Efforts to ban trapping on public lands in the 2013 and 2015 sessions of the Legislature failed. The bills never even got out of their first committee. And in recent years, the State Game Commission actually has expanded trapping opportunities in New Mexico.

In 2011, the commission approved a recommendation from wildlife managers to end a trapping ban in southwestern New Mexico, where federal officials have reintroduced the Mexican gray wolf, an endangered subspecies. And starting next April, the state will begin allowing random trapping of cougars for sport across 70 percent of New Mexico, including 9 million acres of state trust land.

Jessica Johnson of Animal Protection Voters of New Mexico said this was done despite overwhelming opposition to trapping among New Mexicans. A poll of more than 1,000 voters conducted by Remington Research Group prior to the new cougar rule found that 69 percent of registered voters oppose the use of traps — on both public and private land.

Jacobson returned recently to Dead Dog Trail to look for the trap. She and her friend had piled stones on top of it before leaving on Thanksgiving Day. When she got there, she found the stones had been removed and the trap reset. She stuck her hiking pole in it, she said, and “it snapped so hard, I realized what my poor dog had gone through.”

Jacobson said she thinks the trapper was trying to snare coyotes for their pelts. The trap was set along what looked to her like an animal trail. Part of the goal of Trap Free New Mexico is to get protected status for coyotes and skunks or to make them subject to animal cruelty laws.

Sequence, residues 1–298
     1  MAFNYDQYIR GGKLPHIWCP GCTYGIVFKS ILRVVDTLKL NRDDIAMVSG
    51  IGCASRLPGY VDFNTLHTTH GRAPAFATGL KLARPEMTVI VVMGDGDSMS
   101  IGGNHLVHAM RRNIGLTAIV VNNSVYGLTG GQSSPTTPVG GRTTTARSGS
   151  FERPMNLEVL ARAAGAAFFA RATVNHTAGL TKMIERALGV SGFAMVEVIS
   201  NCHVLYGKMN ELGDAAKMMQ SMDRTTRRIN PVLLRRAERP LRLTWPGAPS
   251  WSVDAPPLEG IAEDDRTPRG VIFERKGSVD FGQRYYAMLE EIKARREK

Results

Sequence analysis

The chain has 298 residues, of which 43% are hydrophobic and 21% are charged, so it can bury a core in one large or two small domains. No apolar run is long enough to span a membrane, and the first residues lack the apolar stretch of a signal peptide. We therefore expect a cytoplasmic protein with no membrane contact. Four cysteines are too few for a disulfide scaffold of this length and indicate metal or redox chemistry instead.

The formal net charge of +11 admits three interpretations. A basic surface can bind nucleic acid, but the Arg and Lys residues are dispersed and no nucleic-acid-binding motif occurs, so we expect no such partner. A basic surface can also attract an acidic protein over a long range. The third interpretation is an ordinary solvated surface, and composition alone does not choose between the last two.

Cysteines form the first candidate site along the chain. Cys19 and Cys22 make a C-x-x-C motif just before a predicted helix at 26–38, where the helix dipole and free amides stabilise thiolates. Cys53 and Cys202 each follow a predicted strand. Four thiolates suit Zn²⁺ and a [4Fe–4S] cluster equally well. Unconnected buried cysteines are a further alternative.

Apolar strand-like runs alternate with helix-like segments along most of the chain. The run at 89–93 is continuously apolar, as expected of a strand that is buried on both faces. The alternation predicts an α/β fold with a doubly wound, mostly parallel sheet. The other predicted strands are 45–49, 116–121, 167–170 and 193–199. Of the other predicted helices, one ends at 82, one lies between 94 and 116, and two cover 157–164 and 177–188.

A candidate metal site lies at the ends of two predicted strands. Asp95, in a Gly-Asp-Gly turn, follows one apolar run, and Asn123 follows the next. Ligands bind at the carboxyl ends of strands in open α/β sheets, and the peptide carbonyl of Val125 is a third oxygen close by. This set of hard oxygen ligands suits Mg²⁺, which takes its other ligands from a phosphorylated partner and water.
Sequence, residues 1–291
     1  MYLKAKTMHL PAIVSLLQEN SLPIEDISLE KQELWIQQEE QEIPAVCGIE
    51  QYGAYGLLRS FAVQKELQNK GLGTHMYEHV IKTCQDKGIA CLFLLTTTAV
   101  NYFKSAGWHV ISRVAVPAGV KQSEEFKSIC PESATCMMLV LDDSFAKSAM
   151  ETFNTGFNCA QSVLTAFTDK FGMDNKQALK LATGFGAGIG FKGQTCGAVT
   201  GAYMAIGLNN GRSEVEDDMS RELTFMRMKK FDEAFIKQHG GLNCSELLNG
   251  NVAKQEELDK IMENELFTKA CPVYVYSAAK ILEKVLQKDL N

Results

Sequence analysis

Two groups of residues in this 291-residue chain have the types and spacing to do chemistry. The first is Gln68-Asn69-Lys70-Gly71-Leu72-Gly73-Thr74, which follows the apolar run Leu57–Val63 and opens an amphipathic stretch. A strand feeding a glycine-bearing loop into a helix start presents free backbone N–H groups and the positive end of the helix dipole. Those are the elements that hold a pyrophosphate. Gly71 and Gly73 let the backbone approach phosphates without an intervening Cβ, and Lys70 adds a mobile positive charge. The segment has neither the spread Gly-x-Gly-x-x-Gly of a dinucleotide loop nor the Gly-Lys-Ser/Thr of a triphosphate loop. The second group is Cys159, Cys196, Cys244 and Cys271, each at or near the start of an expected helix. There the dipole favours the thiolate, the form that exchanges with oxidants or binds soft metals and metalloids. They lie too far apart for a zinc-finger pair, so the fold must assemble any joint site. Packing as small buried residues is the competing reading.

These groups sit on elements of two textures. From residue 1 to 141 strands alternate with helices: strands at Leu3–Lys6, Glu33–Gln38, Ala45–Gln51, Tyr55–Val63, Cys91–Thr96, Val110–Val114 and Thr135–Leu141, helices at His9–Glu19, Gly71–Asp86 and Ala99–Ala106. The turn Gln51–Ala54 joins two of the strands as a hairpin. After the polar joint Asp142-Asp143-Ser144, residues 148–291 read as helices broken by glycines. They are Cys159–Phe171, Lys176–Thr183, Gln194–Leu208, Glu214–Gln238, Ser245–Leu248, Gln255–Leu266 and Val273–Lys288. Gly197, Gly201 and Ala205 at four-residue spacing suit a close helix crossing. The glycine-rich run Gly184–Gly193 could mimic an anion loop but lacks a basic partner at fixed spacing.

Opponents to leg-hold traps say that between two and 10 nontargeted animals are trapped for every targeted animal that is captured. A 2011 investigation in New Mexico by a group called Born Free USA found that cougar cubs and black bears were some of the animals illegally caught in the traps.

Activists don’t agree with claims by proponents of trapping that the practice keeps wildlife populations balanced and controls disease, and they are concerned that many people are injured trying to release a trapped animal.

John Horning, executive director of WildEarth Guardians, said, “We are realistic. We are in this for the long haul. But we are also hopeful knowing that most people in New Mexico find this outrageous.”

Horning said Colorado and Arizona already ban trapping on public land, and so does Los Alamos County. New Mexico is also an outlier in that its trapping season is one of the longest in the West. And trappers are not even required to post signs on public lands to inform people where the traps are set, he said.

Last season, 1,768 licenses ($20 each for state residents) were issued by the state to trap fur-bearing animals, a long tradition in New Mexico. According to the Game and Fish Department, about 5,000 individual fur-bearers were harvested. There is no mandatory reporting requirement for unprotected fur-bearing species such as coyotes.

“I want to be active in trying to stop this,” Jacobson said. “We’re not able to stop trappers. But we shouldn’t be trapping on public land. That’s just wrong.”